As the New Year approaches, the Aquinnah fire department finds itself in a near-crisis, with the sudden resignation of the acting fire chief earlier this month, effective Dec. 31.
The imminent departure of acting chief Jim Vercruysse puts a huge strain on the already depleted fire department, which currently counts only nine members, with only four of those considered active members.
The fire department has only two fully trained firefighters, and the departure of Mr. Vercruysse raises questions about whether the fire company has enough men to adequately respond to a fire in town.
In a letter dated December 4 to selectmen, Mr. Vercruysse said the demands of the chief position were too much.
“I am losing touch with my family. My children need my guidance, and I am almost never around to help them. If I was retired and had no children at home, maybe I could do this. I need to preserve the most important thing in my life, my family,” he wrote.
At their regular meeting December 6, selectmen discussed the wording of a job description for a new chief, to be published in the Island newspapers. But the discussion soon shifted to the current state of the fire department.
Selectmen met with two members of the department, Simon Bollin and Jay Smalley, who described the fire department as short on both firefighters and training for its firefighters.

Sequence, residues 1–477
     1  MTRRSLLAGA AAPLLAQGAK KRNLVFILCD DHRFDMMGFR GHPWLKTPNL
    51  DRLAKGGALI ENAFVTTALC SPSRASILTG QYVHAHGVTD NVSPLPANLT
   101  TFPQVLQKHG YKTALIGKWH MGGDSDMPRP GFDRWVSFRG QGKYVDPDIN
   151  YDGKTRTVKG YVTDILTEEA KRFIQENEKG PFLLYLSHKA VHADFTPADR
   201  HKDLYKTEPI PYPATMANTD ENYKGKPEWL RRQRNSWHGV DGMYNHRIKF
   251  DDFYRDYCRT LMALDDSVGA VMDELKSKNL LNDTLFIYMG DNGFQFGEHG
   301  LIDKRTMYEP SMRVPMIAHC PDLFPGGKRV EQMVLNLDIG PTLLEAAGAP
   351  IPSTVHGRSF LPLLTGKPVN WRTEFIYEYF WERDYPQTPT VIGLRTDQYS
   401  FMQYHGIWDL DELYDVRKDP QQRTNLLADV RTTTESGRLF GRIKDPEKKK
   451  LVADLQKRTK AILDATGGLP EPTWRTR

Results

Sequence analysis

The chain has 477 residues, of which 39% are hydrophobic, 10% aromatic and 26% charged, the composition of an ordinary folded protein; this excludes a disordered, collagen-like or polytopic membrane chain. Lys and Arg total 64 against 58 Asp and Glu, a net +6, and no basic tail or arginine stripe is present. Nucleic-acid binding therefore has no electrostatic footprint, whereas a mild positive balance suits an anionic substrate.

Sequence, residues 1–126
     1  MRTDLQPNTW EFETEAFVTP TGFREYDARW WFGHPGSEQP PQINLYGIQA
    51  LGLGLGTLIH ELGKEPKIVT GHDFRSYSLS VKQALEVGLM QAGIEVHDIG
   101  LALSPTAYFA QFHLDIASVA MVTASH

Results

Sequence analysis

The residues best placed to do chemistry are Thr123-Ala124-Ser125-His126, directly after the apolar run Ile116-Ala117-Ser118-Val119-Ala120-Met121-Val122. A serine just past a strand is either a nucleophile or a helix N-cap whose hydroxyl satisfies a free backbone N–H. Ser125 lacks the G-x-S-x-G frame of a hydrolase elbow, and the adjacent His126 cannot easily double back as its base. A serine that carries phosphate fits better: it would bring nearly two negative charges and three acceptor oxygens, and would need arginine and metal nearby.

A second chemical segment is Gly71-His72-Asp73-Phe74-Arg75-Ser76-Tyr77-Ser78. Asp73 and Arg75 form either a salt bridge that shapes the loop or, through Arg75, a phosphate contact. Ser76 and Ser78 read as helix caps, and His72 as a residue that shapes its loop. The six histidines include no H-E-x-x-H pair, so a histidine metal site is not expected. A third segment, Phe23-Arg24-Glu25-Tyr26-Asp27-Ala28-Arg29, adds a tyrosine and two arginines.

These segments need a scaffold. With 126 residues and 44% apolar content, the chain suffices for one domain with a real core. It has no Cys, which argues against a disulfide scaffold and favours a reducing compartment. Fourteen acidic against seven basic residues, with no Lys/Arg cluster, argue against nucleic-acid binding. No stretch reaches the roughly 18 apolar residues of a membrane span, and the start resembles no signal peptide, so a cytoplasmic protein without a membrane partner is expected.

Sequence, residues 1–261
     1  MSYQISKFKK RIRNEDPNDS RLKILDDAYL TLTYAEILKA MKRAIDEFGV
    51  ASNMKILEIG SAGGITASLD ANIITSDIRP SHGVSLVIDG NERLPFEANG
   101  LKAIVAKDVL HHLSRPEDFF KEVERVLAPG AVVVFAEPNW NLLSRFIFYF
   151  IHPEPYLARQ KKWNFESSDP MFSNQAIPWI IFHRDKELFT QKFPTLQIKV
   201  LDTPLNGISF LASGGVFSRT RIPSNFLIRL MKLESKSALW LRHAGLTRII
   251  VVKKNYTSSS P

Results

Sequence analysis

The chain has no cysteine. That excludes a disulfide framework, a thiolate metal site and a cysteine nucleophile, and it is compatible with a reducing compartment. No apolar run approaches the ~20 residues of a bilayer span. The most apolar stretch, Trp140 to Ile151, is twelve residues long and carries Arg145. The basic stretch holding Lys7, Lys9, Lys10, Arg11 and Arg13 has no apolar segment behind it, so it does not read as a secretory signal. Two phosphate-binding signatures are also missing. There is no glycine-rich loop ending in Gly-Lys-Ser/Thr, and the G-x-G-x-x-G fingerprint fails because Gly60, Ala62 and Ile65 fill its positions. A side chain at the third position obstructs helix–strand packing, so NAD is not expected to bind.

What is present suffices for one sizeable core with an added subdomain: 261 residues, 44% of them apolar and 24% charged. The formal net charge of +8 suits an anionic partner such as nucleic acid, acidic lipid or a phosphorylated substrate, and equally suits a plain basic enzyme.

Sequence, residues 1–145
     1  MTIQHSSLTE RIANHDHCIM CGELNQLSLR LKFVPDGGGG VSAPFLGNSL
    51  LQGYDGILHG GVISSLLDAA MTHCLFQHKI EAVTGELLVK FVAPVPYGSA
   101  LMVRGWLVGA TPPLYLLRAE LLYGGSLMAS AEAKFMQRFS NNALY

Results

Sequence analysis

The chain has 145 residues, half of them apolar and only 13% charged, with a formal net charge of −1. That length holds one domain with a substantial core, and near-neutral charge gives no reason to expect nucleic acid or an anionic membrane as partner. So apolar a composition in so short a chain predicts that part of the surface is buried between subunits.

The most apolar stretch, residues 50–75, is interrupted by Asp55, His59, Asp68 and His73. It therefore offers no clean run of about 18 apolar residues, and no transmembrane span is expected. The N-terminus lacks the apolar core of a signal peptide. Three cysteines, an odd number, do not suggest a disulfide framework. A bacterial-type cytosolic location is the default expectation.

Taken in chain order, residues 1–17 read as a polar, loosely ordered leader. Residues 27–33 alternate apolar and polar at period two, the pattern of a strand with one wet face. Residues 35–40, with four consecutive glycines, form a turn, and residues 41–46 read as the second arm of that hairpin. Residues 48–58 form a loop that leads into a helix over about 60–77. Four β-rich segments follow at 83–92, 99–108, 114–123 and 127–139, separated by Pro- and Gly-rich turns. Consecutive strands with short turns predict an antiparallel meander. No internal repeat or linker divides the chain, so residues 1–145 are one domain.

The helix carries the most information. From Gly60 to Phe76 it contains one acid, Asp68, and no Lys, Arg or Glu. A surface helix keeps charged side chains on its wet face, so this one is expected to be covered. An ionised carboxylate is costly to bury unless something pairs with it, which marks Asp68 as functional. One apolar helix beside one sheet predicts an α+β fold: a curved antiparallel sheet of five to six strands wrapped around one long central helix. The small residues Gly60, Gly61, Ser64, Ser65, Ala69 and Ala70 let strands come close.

Town administrator Adam Wilson said he drafted the job description by reviewing the description of other chiefs around the state, specifically in small towns with strong chief positions that were on-call around the clock.
Among other things the job description required at least eight years’ experience on a fire department, two in a supervisory capacity; firefighter certification I & II; CPR and First Responder Certification, and Island residency.
The description also gave preference to candidates who were certified as fire instructors or had the ability to become instructors within one year and possessed certification from the state.
Mr. Bollin said he felt the job description was too ambitious for the current fire department.
“This seems to be where the fire department should be down the road. This job description might work in the future, but right now I don’t feel this is the right job description,” he said.
Mr. Bollin said the job description would preclude anyone currently on the fire department from applying for the job. He also said the description would disqualify three of the current fire chiefs on the Island. He said the department has immediate problems that need to be resolved.
The department is awaiting delivery of a new truck, which should have been delivered two months ago, and is also waiting for a truck to be returned that went out for repairs.
“We have a lot of open-ended things that need to be taken care of, and if you adopt this job description they might drag on longer,” Mr. Bollin said. “This is a good job description, but at this point I think it would be a hindrance.”
Selectmen discussed the possibility of having a fire chief from another town step in and serve as interim chief. But Mr. Bollin said he wasn’t sure if that was legally possible. He said appointing an acting chief from another town probably wouldn’t make any difference, since the town currently relies heavily on mutual aid agreements with other towns.
Mr. Bollin painted a bleak picture of the fire department. Although there are nine people on the roster, only four are considered active, and of those only two — he and Mr. Smalley — have proper training.